Madson, L. (2001). A classroom activity exploring the complexity of sexual orientation. Teaching of Psychology, 28(1), 32–35.
Common conceptions of sexual orientation do not fully encompass all aspects of sexuality. Sexual attractions and behaviors, self-identity, sexual attraction, and social inclusion are all affiliated with sexual orientations. The author explores these topics by asking students to categorize the sexuality of 10 fictional people. Each person had a story, some of which included inconsistencies in sexual orientation. The author uses the difficulties in identifying the sexuality of the individuals because of the contradictory information to stimulate discussions and receive feedback on the topic. This activity could be used in a variety of courses which include: Psychology of Women, Sexual Behavior, and the Psychology of Sexual Orientation.
Masser, B., & Moffat, K. B. (2006). With friends like these…The role of prejudice and situational norms on discriminatory helping behavior. Journal of Homosexuality, 51, 121–138.
In a word-creation task, the authors examined helping behavior of participants towards a gay man compared to a straight man depending on whether the socially-appropriate behavior was clear or not. The authors found that participants provided less help towards a gay man in a situation where the behavioral norm was ambiguous. Findings suggest that discriminatory behavior towards people of homosexual orientation is more likely to occur in situations where the norm is undefined.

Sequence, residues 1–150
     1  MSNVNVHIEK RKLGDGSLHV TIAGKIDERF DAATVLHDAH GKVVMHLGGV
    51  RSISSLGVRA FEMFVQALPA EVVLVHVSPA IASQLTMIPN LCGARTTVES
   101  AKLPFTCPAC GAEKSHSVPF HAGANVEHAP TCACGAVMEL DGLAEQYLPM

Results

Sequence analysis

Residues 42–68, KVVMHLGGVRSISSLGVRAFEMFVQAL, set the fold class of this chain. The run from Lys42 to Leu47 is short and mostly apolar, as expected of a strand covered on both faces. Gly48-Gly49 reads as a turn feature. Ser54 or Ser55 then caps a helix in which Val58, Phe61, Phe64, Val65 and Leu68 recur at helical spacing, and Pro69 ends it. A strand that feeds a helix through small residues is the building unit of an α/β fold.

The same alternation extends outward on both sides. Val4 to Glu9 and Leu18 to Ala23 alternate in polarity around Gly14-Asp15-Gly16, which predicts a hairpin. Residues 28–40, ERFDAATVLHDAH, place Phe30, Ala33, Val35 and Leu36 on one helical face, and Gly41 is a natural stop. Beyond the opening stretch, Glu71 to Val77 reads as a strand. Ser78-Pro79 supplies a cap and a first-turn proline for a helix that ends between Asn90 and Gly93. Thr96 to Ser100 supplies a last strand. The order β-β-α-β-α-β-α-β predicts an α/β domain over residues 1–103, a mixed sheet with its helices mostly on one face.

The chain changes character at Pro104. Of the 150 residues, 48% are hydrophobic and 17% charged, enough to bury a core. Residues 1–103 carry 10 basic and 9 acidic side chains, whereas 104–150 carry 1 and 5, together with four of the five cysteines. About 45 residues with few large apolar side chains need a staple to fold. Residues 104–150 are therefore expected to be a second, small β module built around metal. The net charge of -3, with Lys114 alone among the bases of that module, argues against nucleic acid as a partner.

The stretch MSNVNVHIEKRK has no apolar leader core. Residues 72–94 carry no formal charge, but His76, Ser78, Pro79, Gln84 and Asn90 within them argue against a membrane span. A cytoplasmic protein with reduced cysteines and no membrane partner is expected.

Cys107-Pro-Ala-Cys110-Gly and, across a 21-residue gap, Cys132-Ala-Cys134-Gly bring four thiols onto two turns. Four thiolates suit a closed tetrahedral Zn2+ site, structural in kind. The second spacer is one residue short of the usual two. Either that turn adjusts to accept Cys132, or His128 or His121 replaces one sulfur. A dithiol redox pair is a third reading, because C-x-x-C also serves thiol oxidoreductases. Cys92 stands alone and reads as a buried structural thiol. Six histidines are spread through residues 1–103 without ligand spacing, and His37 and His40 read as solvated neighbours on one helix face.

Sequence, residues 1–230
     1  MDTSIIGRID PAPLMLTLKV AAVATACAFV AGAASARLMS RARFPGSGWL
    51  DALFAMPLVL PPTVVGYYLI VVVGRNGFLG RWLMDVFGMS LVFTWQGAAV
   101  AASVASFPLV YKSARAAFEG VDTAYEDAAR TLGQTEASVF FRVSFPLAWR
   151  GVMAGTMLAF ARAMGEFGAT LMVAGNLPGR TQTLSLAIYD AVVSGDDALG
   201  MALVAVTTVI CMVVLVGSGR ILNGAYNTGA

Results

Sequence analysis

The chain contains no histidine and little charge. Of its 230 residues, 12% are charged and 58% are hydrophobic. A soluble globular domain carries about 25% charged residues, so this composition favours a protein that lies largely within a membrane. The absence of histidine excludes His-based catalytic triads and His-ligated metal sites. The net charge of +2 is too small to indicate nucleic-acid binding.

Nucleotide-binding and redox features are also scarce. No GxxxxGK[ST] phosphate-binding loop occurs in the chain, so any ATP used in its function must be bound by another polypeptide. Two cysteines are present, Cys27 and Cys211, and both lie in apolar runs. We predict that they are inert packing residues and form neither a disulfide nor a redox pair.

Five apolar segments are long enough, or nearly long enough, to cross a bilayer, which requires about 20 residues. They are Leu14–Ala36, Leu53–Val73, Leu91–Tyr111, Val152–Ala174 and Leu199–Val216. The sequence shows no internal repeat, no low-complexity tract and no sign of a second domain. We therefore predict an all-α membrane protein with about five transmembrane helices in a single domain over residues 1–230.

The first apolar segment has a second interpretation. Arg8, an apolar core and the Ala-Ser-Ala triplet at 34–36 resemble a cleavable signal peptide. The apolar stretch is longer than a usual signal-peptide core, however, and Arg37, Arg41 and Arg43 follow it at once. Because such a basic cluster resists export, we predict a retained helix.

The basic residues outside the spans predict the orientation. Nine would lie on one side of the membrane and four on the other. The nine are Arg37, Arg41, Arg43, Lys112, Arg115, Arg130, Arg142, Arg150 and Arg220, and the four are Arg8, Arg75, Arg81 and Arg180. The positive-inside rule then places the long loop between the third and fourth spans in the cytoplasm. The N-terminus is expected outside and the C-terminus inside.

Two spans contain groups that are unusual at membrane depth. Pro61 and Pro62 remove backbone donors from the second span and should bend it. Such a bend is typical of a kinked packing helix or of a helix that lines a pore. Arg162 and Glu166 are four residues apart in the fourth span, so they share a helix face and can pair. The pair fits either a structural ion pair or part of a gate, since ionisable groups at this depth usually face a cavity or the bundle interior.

McDermott, E. (2006). Surviving dangerous places: Lesbian identity performances in the workplace, social class, and psychological health. Feminism Psychology, 16, 194–211.
The authors interviewed lesbian women to gain insight about their experiences in the workplace. Findings indicate that working-class women compared to middle-class women were more likely to be employed in settings where they felt the need to place greater effort in maintaining a heterosexual front. The authors suggest that the psychologically-demanding task of having to control the impressions they gave about their sexual identity compromised their psychological well-being, especially the well-being of the working-class women whose workplaces, compared to the workplaces of middle-class women, were less tolerant of homosexuality.
Messinger, L. (2004). Special selection: Field education in social work out in the field: Gay and lesbian social work students’ experiences in field placement. Journal of Social Work Education, 40(2), 187–204.
The researcher interviewed 30 lesbian and gay social work students regarding their field work placement. Several sexual orientation-related issues were identified, including homophobic behavior, hostile agency atmospheres, and challenges involving coming out in the agency. The research suggests resources that may be used in the future to improve field experience. Implication of these resources may be useful for social work students, academic programs, and placement agencies.